This year, marriage equality won four unprecedented victories in Maine, Maryland, Minnesota and Washington. For years, organizations like the so-called National Organization for Marriage have bragged that equality always loses at the ballot box. This year we took that talking point away once and for all. Here’s how:
1. The President supported marriage equality — and was re-elected for it.
In 2008, President Bush was firmly opposed to any measure of equality. This year, President Obama’s support for marriage equality led many Americans to take a fresh look.
2. Faith coalitions were on our side.
In 2008, our opponents talked like they had a monopoly on faith. This year, the prominent voices of pro-equality faith leaders like Reverend Delman Coates and organizations like Catholics for Marriage Equality made a huge difference.
3. Americans’ opinions evolved.
In 2008, a Pew poll found that 38 percent of Americans supported marriage equality, while 49 percent were opposed. This year, 16 national polls have found that a majority of Americans are now in favor of equality.
4. The next generation stood up.
In 2008, older Americans’ staunch opposition to marriage equality still dominated. This year, four years’ worth of new young voters came out for equality in a big way.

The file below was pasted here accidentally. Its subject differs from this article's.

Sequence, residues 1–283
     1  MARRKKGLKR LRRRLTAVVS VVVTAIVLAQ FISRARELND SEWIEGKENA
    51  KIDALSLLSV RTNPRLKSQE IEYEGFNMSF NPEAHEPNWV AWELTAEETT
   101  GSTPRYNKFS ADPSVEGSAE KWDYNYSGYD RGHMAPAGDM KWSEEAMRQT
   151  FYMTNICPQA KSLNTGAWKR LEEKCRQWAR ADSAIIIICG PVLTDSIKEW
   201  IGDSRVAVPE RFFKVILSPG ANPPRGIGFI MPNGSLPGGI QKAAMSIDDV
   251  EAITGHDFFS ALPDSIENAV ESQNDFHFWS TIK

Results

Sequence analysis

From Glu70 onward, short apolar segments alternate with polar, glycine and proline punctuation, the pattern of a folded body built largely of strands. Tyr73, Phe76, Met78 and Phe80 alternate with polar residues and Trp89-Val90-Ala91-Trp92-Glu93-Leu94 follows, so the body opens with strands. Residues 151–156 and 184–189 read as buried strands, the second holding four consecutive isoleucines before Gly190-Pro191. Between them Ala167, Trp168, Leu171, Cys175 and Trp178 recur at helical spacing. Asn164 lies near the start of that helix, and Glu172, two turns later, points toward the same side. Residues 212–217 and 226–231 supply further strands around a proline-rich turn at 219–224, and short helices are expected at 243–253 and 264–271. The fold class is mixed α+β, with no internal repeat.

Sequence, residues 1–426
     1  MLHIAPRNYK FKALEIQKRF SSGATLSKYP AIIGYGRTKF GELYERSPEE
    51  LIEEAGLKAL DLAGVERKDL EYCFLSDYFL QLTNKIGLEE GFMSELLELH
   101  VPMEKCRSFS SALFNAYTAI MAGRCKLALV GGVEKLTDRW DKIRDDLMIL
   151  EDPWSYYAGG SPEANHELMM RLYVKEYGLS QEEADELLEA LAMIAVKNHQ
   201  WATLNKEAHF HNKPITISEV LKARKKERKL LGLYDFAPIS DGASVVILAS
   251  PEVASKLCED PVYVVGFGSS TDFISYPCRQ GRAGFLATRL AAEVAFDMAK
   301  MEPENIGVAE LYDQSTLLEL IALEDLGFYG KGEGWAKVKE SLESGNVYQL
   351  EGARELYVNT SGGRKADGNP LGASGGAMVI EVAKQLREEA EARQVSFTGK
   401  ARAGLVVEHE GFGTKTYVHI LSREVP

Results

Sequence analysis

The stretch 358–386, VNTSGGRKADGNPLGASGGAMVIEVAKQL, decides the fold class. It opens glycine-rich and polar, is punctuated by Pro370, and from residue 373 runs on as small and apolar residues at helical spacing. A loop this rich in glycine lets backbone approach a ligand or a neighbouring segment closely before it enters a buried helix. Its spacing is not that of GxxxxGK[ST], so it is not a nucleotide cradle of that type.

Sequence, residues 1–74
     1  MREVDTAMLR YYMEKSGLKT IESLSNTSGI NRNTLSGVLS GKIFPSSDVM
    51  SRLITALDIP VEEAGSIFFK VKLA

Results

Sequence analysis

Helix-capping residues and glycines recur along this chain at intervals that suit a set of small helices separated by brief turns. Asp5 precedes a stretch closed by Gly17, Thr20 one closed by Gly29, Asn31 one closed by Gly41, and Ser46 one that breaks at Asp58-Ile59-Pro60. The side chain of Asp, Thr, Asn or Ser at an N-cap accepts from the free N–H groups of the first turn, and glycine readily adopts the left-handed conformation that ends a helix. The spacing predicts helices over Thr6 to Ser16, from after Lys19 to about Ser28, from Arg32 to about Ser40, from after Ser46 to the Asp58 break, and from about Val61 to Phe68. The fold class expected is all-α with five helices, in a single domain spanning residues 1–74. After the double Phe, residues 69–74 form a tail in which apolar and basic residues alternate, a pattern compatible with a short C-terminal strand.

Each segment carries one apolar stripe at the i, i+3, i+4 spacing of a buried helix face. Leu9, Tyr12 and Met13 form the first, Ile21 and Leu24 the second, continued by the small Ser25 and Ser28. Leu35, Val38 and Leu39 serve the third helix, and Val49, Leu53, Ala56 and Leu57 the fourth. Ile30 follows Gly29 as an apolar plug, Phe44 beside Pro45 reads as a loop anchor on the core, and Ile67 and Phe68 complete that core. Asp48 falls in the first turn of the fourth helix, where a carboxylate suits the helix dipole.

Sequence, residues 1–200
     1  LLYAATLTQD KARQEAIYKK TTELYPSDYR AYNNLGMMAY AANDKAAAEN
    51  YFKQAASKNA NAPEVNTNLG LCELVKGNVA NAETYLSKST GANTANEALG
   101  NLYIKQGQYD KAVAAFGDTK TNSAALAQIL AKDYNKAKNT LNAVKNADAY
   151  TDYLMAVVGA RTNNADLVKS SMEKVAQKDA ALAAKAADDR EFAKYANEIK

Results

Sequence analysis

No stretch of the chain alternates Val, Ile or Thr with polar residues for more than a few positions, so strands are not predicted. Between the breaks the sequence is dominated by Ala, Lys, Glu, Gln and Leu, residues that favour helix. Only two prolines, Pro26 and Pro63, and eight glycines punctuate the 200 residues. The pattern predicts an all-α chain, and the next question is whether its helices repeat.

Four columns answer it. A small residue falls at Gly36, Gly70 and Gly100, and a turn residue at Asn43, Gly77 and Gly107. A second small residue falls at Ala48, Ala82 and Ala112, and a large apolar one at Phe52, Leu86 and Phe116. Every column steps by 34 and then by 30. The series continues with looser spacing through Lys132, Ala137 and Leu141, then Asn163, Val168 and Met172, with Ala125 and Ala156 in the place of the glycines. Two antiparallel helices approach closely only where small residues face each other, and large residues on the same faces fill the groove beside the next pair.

5. Our opponents lost their momentum and relied on tired arguments.
In 2008, California voters responded to emotionally charged anti-equality advertisements claiming gay marriage would be taught in school. This year, our adversaries ran the same ads, but voters rolled their eyes.
6. Businesses made the case for equality.
In 2008, a few trailblazing companies like Google and Levi’s weighed in against Prop 8, but most others didn’t yet realize what the issue had to do with them. This year, huge coalitions of consumer-facing brands like General Mills, Starbucks, Amazon and Nike took courageous stands against discrimination.
7. Our opponents’ money is drying up.
In 2008, our adversaries — joined by the Mormon Church — spent $40 million towards victory in California alone. This year, the opponents of equality only spent $11 million across four states; the Mormon Church left the arena and the Catholic Church attempted to fill the void. Our side was able to outspend them 3 to 1.
8. Pro-equality messaging broke through.
In 2008, the supporters of Proposition 8 convinced voters that the family was under attack. This year, marriage equality advocates won the battle by framing these debates around family, commitment, equality and freedom.
9. Partisan lines broke down.
In 2008, few if any Republicans wanted to approach the marriage issue. This year, young Republicans supported equality in record numbers. Major GOP donors like Paul Singer, party leaders like Ken Mehlman, and elected officials like NYC Mayor Michael Bloomberg, advocated and donated to express their support as well.
10. We outworked our adversaries.
In 2008, our opponents swamped us with cash and grassroots footwork. This year, our supporters included national civil rights organizations like the NAACP, and pro-equality coalitions in Maine, Maryland, Minnesota and Washington consisted of hundreds of congregations, businesses and civic organizations. Every single one of them came prepared to win.
President, Human Rights Campaign (HRC)